Workers' Compensation Frequently Asked Questions (FAQs)

The following are answers to many questions that we are asked about workers' compensation, and will help reiterate some of the concepts we have covered as well:

1.) What Is Workers' Compensation?

As soon as you begin working your employer is responsible to provide you with workers' compensation in the event that you are injured on the job, or a loved one dies on the job, whether that injury or death is due to an accident, or an injury or death that is due to the duties of your job in your place of employment also known as an "occupational injury." The law is meant to protect both the employee and the employer if such unfortunate events happen on the job.

The employee is protected by the law by receiving monetary compensation to cover expenses that the employee may not be able to pay as a result of not being able to work. Workers' compensation also includes medical benefits to make sure that injuries and illness are treated as soon as possible and in the best way. This will help to return the employee to the same physical, mental and emotional place where the employee was prior to being injured on the job, if possible.

The employer, in turn, accepts liability for any accident in the workplace and is, therefore, protected from being sued by the employee. As such, the workers' compensation law works for both the employee's and employer's benefit.

2.) What Does Workers' Compensation Encompass?

In other words, who does the workers' compensation law protect? The workers' compensation law protects employers and employees. This may seem like an obvious statement but, under the law, who is defined as an employer and who is defined as an employee can be somewhat unclear. Georgia defines employers whether they be corporations, individuals, firms, associations or the like and states that employers must provide workers' compensation insurance for all of their employees if they have three (3) or more people working for them on a regular basis. Likewise, contractors must provide workers' compensation coverage to subcontractors if the subcontractor does not have their own workers' compensation insurance.

Georgia law defines employees as anyone who works on a regular basis whether it be full time or part time. The definition includes corporate officers, minors and limited liability company members. It does not include, however, partners or sole proprietors that are not employed by the business.

Although employers, as defined herein above, are responsible for providing workers' compensation insurance or be self-insured, not all employers have this coverage. This does not absolve the employer from liability, and the employer who does not provide proper insurance can also be at risk of facing penalties by the State Board of Workers' Compensation. If you are wondering whether or not your employer has workers' compensation insurance, you can look to see if there is a Notice of Compliance and the State Board of Workers' Compensation Bill of Rights posted in the manager's office, break room or some other obvious place, then you will know that your employer has the proper workers' compensation insurance.

It is important to note, however, that just because the employer has the proper workers' compensation insurance does not mean that the insurance company is going to look out for your best interests if you are injured on the job. To the contrary, it is the business of the insurance company for you to receive as little compensation as possible if you are injured, or if a loved one has died on the job, to save the insurance company money. It is, therefore, important to seek legal counsel if you are injured on the job, or a loved one is killed on the job, so that you receive the most amount of compensation instead of the least amount of compensation.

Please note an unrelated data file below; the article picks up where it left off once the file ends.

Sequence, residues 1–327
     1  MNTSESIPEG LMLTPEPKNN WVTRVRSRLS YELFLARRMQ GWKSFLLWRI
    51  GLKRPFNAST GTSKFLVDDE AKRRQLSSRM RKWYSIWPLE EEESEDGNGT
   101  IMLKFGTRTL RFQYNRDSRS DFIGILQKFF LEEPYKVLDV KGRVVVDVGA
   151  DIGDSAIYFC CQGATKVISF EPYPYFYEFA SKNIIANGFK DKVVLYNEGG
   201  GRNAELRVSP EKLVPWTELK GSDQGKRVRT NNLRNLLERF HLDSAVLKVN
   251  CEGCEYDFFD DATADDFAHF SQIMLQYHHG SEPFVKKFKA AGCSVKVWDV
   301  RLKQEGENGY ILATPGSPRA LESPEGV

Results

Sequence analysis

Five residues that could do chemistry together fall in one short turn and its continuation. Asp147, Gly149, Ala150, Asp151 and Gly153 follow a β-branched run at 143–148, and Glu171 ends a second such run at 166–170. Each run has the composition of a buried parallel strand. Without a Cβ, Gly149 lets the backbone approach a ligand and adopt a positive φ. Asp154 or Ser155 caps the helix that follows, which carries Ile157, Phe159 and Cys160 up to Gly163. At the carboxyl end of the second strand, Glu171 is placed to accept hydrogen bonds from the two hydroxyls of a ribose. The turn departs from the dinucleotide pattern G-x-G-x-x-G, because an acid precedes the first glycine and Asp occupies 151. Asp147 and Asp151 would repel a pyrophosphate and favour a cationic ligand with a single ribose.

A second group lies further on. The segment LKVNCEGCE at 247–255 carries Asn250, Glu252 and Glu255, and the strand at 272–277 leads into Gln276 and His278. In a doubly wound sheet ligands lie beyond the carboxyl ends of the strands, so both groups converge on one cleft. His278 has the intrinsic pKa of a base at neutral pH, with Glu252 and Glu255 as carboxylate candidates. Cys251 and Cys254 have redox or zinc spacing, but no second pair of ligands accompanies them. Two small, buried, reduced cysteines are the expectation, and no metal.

3.) What Does No-Fault Workers' Compensation Mean?

This means exactly what it says and that is that the employee does not have to prove that the injury or death was the result of any negligence of the employer. This takes a tremendous amount of burden off of the employee. Therefore, regardless of how the accident happened or who caused the accident to happen, as long as the accident took place on the job while you were on the clock working, then you are eligible for worker's compensation protection. Workers' Compensation cases are still complicated, but the no-fault portion of the law makes it easier for you to focus on getting well instead of gathering evidence to prove your claim.

4.) How Does Medical Care Work Under Workers' Compensation Law?

Unfortunately, you are not able to go to your own doctor after a workplace injury and you must go to a doctor that the employer chooses depending upon three (3) different options that the employer prefers. The three (3) options are as follows:

a.) Option One: This option provides for a traditional panel of physicians that consists of six (6) physicians, including one (1) orthopedic physician, and two (2) or less physicians from industrial clinics.

b.) Option Two: This option provides for a conformed panel of physicians that consist of the same physicians as the traditional panel of physicians in option one and then includes at least four (4) other physicians, and it also includes a chiropractor and a general surgeon.

c.) Option Three: This option is the most complicated and it involves your employer working with a Workers' Compensation Managed Care Organization that is certified by the State Board of Workers' Compensation and the medical care is delivered by your employer and the organization, and it must also include minority providers.

Whether your employer has option one, two, or three, this information must be posted in a obvious location so it can be referenced when necessary. Choosing which doctor is the best doctor to work with can be a daunting task for the injured employee. We are experienced in this area of law and, therefore, know the reputation of many doctors that are available through all of these options so we are able to assist you in choosing the right physician for your particular circumstances.

5.) What Does It mean To Win A Workers' Compensation Claim?

A workers' compensation claim might seem straightforward at this point such as your employer automatically accepts responsibility, you pick a physician for treatment, and your treatment is paid for, and then you get treatment so you can get back to work. Unfortunately, it is not this straightforward and if it was, then there would be no need to have experienced legal counsel on your side. The reason it is not this straightforward is because the insurance company, who is in the business of saving money and spending the least amount possible on your claim, is always trying to find ways to pay the minimal amount possible to you as an injured worker. They do this by trying to find ways in which you are making mistakes in your claim and, if you make mistakes in your claim, then you do not win your workers' compensation case and your financial future is at stake. Therefore, there are some very important steps to follow to make sure that you win your workers' compensation claim, and this is what it means to win your workers' compensation claim: